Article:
I must say that spring is my all time favourite season. Having said that, this year I've had an unusually productive winter, with consistent catches throughout the grinding, cold months. What's more, one of the A-Team (Quasi) was included in my tally of winter captures. Nevertheless, there's something about the promise and expectancy of spring that gets the adrenalin flowing, as dreams of big catches and unknown monsters pervade ones imagination. I gather that a deep sense of anticipation and excitement is also very much in the air for Skretting, who are all set to make a big splash at two major angling events, namely the "Northern Angling Show" (1-2nd April) and "The Big One" (8-9th April) at Farnborough. Skretting will be proudly displaying their splendid range of scientifically engineered fish feed products which provide fish with carefully balanced nutritional profiles, plus generate high levels of attraction, which are undoubtedly irresistible to fish and anglers alike. My personal favourite is the Protec 4.5mm pellets which I use extensively in my own fishing. Both of the aforementioned major angling shows boast an impressive list of celebrities, presentations and exhibitors. In previous years, I've greatly benefitted from memorable one-to-one chats with the likes of Ian Russell, Adam Penning, Rob Hughes, Darrell Peck and Kevin Nash, to name a few. There's no doubt that at this years events, Dave Lane, Danny Fairbrass, Ian Chillcott, Derek Ritchie, Bob Nudd and a host of other heroes will be very high on the 'must speak to' list of many of the visitors.
Anyway, this week's session at Wetlands began on the last day of winter 2017 and ended on the first day of spring 2017, so I was particularly keen to celebrate the passing season with a flurry of activity and start the new one with a 'bang', and I'm mightily pleased to report that somehow, I managed to do exactly that, but not quite the 'bang' I had in mind. It all began, in the usual way with a walk around the specimen lake in the hope of spotting a few carp, passing Pat and Rob on the way, who were set up in pegs 1 and 7, respectively. As it happens, both were so heavily asleep, that a hearty "good morning" call failed to rouse them. By the time I had returned to my starting point, I had seen absolutely no evidence of carp presence, at all. Pat and Rob had obviously chosen to fish in the most protected pegs, on the back of a stiff breeze which was still blowing towards pegs 4 and 5. However, their carp cradles appeared dry, suggesting that the carp might have chosen to be on the end of the breeze, instead. Given that peg 3 had some ruffled water and some slack, I chose to hedge my bets by fishing both types of water.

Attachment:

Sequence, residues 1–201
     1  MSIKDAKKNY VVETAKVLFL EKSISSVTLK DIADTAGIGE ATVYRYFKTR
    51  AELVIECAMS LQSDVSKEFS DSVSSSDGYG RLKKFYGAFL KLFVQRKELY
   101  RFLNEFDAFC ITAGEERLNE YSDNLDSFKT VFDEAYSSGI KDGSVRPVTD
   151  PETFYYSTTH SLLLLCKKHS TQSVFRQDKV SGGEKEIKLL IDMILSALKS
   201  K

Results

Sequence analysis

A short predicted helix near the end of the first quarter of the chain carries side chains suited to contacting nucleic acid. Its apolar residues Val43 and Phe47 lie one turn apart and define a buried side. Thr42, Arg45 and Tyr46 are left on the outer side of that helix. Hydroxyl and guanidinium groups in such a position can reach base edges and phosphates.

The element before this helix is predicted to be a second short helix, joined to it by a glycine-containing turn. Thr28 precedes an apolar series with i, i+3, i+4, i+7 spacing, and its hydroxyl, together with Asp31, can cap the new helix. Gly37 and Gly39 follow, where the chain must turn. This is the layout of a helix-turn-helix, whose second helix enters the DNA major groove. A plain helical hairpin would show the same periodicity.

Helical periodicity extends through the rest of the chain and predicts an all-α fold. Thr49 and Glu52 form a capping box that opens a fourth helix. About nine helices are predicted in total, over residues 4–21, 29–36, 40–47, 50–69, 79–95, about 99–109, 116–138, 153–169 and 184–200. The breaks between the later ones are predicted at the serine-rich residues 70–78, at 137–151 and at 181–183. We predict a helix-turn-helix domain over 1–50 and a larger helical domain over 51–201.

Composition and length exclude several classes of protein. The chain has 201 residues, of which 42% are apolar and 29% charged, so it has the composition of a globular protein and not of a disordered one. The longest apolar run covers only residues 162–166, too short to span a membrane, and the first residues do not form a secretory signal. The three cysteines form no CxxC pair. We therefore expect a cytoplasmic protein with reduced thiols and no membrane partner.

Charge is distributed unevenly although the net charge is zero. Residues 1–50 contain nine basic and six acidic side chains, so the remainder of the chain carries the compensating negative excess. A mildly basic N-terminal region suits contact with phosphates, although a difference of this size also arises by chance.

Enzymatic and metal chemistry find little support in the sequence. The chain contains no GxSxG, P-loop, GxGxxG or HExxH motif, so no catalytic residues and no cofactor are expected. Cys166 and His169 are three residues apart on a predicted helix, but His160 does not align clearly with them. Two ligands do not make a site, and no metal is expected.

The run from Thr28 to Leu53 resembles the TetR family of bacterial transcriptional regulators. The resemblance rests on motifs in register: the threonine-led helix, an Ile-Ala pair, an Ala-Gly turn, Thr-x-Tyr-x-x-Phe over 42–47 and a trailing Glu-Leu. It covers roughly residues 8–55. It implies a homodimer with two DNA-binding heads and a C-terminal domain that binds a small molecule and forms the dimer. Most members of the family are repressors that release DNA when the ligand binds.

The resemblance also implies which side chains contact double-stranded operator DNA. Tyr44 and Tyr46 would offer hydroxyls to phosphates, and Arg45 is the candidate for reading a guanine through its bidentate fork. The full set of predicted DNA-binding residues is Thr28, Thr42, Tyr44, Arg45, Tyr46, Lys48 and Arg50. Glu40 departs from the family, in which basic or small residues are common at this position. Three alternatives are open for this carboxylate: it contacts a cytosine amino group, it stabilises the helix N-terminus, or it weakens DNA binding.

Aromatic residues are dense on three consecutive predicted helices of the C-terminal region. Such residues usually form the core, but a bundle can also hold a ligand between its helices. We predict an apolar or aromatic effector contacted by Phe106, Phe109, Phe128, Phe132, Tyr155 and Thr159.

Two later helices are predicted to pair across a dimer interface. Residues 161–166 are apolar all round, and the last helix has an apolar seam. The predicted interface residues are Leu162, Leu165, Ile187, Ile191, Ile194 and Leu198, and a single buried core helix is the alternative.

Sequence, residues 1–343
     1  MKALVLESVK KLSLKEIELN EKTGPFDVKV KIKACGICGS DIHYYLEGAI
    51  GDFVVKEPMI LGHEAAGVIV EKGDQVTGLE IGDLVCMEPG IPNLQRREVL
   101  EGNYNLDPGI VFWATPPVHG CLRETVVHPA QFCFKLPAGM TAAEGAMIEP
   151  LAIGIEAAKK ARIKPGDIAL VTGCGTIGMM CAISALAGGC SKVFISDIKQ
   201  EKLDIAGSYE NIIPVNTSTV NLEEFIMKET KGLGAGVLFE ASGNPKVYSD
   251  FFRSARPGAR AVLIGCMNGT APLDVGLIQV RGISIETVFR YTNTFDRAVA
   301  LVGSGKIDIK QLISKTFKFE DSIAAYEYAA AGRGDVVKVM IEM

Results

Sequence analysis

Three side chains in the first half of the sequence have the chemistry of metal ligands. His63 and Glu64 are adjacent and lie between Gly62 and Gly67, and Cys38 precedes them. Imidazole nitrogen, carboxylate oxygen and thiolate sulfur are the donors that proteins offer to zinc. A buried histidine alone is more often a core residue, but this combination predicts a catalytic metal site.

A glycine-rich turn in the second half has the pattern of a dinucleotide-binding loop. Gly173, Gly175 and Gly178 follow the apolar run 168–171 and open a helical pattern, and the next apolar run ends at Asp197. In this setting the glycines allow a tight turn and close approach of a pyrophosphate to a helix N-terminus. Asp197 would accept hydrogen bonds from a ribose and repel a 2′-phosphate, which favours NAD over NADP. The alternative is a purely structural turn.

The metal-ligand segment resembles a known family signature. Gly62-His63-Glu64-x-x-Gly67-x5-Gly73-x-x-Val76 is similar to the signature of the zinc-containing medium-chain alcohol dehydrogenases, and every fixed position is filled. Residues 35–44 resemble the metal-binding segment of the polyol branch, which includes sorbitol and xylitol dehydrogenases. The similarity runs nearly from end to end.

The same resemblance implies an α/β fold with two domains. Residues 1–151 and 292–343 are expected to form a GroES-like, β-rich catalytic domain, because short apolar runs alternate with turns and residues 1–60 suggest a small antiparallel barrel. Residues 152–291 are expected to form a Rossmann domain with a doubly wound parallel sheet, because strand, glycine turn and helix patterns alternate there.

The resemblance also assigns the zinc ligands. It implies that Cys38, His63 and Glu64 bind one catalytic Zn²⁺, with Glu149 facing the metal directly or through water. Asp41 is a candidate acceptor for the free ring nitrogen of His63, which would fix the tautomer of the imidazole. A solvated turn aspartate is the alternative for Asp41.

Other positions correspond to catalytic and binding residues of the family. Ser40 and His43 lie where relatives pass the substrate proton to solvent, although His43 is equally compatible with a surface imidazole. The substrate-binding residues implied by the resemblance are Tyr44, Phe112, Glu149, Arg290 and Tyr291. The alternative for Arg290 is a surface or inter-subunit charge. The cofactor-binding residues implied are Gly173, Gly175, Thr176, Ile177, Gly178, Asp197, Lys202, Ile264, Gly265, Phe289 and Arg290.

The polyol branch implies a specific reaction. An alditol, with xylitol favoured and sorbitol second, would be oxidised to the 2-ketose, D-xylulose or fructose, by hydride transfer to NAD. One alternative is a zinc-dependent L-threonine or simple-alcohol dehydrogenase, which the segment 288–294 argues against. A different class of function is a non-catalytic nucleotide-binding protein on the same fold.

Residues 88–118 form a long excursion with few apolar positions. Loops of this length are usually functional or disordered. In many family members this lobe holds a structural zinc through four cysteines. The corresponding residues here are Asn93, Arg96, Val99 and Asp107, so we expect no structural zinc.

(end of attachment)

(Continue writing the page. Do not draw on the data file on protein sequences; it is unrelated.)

I was ultra slow in committing any rods to the water this week, choosing instead to watch the water carefully until something caught my attention. In fact, Richard had come for his customary chat and parted before I eventually made a choice. The middle rod took charge of the entrance to the so called "M25", which is a channel between the islands, leading to peg 7. My right hander covered a spot, which is just a short underarm cast out towards peg 4. Finally, my left hand rod put a bait out to the boundary of peg 2. Just lately Wet Baits KCG Chocolate 15mm boilies have been doing the business for me, in combination with a 10mm Milky Toffee pop-up, snowman style. A PVA mesh bag of Skretting Protec 4.5mm pellets is clipped to each hook to reduce tangles and provide additional attraction. Five free baits accompanied each hook bait, in a tight format. The forecast continuous rain soon materialised and lingered until mid afternoon. Thankfully, the temperature remained above 10 degrees throughout the day, warm enough not to put a damper on any feeding activity.
At 10.50 am the middle rod was the first to come alive, with a full on screaming run. In spite of the rapidity of the take, I was able to steer the carp away from the mini islands that are present in the zone and bring it safely to the bank. I wasn't surprised at the tameness of the fight when a Common carp of 6lb 10oz greeted me. At 1.15 pm the right hand rod kicked into action, becoming the only active rod thereafter. Its first victim was a hard fighting 15lb 2oz Mirror that gave a twitchy take and then proceeded to fight like a tiger. This was followed shortly afterwards at 2.05 pm by a 10lb 6oz Mirror that circled in the margin for ages before making a reluctant journey to the surface. After that, all went quiet until darkness began to fall. Two more tentative takes at 6.10 pm and 6.30 pm put a fine 13lb 12oz Mirror and a chunky 18lb 6oz Mirror on the score sheet, before quietness returned. In fact, it wasn't until spring had officially begun that further action came my way. At 25 minutes past midnight a 10lb 10oz Mirror, with a crinkly tail and deformed mouth, reluctantly hit the spreader block. Proceedings finally came to a sudden halt (literally), when a brute of a Mirror came almost within netting distance (I could see its large frame on the surface) when it kicked hard and the hook pulled. I'm pretty certain that the last carp to be hooked was significantly bigger than any of the others I had banked up until then, so I was understandably disappointed when it was lost. After that the sky cleared and the wind took on a bitingly cold edge that put an end to any further feeding activity. All the same, I went home well pleased with having caught six and lost one in total. Also, I had already bagged a spring carp to get the season off to a flying start. I just hope that my run of captures continues unabated.